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  • DeMint warns that the tea party is losing ‘focus’

    Photo of DeMint (J. Scott Applewhite/AP)The outcome of the battle over the debt ceiling will be an early indicator of whether the tea party remains relevant, South Carolina Republican Sen. Jim DeMint said Tuesday, adding that he felt the movement was losing "focus."

    At a luncheon at the conservative Heritage Foundation, the Senate Tea Party Caucus co-founder told a group of activists and bloggers that he was unsure where the tea party is heading. He also questioned the power of the movement since the 2010 mid-term elections.

    "What's up with the Tea Party right now?" asked Heritage President Ed Feulner near the end of the meeting. "We're not hearing much right now."

    "I really don't know," DeMint said. "As I move around, people are telling me they're out there and they're engaged, but since the election they have not had as much of a focus."

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  • Poll: Majority of Republicans and tea partiers not worried about debt ceiling deadline

    Source: Pew Research Center for the People and the PressMore than half of self-identifying Republicans do not think the economy will to suffer if Congress fails to raise the debt ceiling by Aug. 2, a new national poll has found.

    Fifty-three percent of Republicans say that a failure to raise the debt ceiling by the deadline set by the Treasury Department will not be "a major problem," according to a nationwide survey by the Pew Research Center for the People and the Press. The number jumps to 65 percent for those who identify with the tea party movement.

    The public at large, however, is evenly split.

    This lackluster state of public worry comes in spite numerous warnings from the Treasury Department that the nation could default on its debts to bondholders and threats from international credit rating agencies to lower the country's credit status.

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  • Republicans hope to recruit more women and Hispanics to run for office

    Photo of Ed Gillespie (Chris Usher/AP)The Republican State Leadership Committee launched a nationwide effort this week to recruit Hispanic and female candidates to run as Republicans, a push that GOP strategists say is vital to remaining relevant as voter demographics shift in coming election cycles.

    The Future Majorities Project, led by Republican strategist and former Republican National Committee Chairman Ed Gillespie, is setting a goal to recruit at least 100 Hispanic candidates for office on the state and federal level. The group is also partnering with the College Republican National Committee to beef up the party's ranks among young people and plan to spend at least $3 million on the initiative.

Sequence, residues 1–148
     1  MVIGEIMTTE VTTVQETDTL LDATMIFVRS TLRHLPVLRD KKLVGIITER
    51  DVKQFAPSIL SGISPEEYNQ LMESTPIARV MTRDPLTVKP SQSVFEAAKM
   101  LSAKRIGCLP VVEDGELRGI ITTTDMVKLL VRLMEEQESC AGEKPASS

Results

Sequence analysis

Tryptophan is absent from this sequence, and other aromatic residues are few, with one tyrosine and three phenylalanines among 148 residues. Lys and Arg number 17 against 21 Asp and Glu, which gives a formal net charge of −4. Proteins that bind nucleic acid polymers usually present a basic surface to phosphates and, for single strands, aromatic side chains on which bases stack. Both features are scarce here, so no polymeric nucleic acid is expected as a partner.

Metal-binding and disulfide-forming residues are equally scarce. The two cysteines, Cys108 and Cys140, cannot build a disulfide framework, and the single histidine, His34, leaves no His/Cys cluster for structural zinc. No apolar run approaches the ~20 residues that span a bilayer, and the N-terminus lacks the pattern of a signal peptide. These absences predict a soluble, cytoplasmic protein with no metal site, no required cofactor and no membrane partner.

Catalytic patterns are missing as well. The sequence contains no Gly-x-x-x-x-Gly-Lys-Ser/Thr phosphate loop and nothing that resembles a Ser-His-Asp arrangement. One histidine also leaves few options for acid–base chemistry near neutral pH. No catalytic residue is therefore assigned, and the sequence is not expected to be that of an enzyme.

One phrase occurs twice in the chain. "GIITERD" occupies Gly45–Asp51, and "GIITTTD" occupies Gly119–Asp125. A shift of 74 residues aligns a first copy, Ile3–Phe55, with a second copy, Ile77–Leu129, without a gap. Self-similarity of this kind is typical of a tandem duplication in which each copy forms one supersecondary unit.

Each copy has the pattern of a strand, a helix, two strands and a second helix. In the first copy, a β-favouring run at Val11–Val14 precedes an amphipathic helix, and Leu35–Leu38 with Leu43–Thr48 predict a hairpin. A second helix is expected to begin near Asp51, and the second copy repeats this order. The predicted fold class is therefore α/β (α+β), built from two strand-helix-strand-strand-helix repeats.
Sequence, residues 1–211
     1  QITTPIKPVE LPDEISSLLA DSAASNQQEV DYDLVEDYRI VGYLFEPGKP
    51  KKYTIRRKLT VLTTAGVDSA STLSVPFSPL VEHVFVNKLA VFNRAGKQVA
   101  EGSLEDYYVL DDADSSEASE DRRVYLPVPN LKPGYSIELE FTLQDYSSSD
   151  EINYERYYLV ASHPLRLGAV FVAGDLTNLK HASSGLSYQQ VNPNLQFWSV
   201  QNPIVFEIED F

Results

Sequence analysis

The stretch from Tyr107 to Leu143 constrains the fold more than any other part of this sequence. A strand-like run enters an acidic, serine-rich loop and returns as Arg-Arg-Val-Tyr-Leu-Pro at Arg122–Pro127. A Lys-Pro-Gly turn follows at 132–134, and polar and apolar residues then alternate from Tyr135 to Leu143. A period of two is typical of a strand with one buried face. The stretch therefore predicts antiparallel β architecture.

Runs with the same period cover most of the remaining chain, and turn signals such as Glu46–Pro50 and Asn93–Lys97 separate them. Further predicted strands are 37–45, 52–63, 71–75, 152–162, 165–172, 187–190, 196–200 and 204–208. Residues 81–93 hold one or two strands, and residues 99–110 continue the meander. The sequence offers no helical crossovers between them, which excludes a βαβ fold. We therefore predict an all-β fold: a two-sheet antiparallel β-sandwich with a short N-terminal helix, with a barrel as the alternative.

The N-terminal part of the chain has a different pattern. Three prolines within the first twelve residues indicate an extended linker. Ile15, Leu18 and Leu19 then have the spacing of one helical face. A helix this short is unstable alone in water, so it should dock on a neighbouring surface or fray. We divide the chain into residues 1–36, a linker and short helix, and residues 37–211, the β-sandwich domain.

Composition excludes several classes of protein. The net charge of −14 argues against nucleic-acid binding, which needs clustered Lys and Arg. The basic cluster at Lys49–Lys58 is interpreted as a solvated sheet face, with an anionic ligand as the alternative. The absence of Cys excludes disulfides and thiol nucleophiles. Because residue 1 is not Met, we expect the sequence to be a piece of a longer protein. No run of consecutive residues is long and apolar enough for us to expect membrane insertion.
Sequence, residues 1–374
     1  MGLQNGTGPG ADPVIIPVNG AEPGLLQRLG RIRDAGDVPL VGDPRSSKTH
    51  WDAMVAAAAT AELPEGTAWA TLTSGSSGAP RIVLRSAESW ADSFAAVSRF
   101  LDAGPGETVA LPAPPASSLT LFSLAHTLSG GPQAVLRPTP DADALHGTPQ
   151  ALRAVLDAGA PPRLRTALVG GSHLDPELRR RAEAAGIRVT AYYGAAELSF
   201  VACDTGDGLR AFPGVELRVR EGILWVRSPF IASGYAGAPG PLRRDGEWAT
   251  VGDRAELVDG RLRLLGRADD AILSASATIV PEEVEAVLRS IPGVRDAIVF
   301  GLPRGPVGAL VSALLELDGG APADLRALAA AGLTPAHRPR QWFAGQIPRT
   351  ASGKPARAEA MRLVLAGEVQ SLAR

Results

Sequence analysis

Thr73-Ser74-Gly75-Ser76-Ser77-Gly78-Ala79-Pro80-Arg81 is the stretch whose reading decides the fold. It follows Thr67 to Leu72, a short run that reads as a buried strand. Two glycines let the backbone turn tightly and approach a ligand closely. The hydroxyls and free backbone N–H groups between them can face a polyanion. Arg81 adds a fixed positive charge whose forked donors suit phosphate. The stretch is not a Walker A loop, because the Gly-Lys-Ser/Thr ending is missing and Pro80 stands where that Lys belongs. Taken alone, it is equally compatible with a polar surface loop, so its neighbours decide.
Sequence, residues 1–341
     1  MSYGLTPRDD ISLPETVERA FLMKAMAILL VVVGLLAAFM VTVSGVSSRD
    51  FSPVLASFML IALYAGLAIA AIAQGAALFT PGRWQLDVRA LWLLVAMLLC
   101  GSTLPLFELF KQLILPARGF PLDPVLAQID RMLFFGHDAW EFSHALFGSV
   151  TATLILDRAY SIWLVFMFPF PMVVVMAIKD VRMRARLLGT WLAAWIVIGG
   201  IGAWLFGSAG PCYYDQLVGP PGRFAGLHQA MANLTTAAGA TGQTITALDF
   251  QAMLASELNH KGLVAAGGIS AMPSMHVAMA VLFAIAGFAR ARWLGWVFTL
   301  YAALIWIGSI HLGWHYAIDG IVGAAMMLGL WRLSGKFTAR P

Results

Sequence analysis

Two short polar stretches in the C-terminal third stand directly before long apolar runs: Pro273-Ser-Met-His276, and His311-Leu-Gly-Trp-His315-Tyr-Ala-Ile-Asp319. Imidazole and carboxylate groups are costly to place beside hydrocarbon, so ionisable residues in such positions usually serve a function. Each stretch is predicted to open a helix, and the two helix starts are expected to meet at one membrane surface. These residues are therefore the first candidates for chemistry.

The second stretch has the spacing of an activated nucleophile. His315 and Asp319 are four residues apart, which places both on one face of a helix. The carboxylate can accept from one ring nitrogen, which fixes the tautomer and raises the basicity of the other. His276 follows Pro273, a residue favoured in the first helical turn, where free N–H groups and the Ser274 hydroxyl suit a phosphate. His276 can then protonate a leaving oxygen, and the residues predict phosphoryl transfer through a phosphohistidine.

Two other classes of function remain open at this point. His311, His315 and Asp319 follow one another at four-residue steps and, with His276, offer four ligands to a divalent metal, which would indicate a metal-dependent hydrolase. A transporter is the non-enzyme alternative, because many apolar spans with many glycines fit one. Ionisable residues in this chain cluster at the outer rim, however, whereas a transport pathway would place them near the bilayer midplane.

"The 2010 Census confirmed what many of us already knew, which is that the demographics of America are changing," Gillespie said. "And any political party that fails to recognize that is going to find themselves consigned to minority status in the not-too-distance future."

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  • Gay conservative group reaches out to Bachmann

    Photo of Bachmann (Andy Dunaway/AP)As gay-issue advocacy groups increase pressure on Minnesota Rep. Michele Bachmann over her views about homosexuality, the gay conservative group GOProud is requesting a meeting with the Republican presidential candidate to possibly lend a hand.

    GOProud Executive Director Jimmy LaSalvia said that representatives with the organization have already met with some of the GOP candidates to discuss GOProud's legislative agenda--including a commitment to defeat a constitutional amendment banning gay marriage, which Bachmann supports--and they hope Bachmann will grant them some face time.

    "We have requested a meeting with Michele Bachmann," LaSalvia told The Ticket. "We've made this request, as with the other requests, in good faith." He said GOProud officials intend to "discuss issues important to gay conservatives" with Bachmann and "anything she wishes to talk about."

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  • LAST TICKET: Gingrich spending big money on private planes; G.W. Bush gets his own baseball card

    Here are the stories we took note of today but didn't give the full blog treatment:

    • Nearly half of Newt Gingrich's campaign debt is from private planes. (Matt Lewis)

    • Former President George W. Bush gets his own baseball card. (CBS News)

    • House to vote on a Balanced Budget Amendment next Wednesday. (The Hill)

    • Michele Bachmann raised more than $4 million in second quarter. (Politico)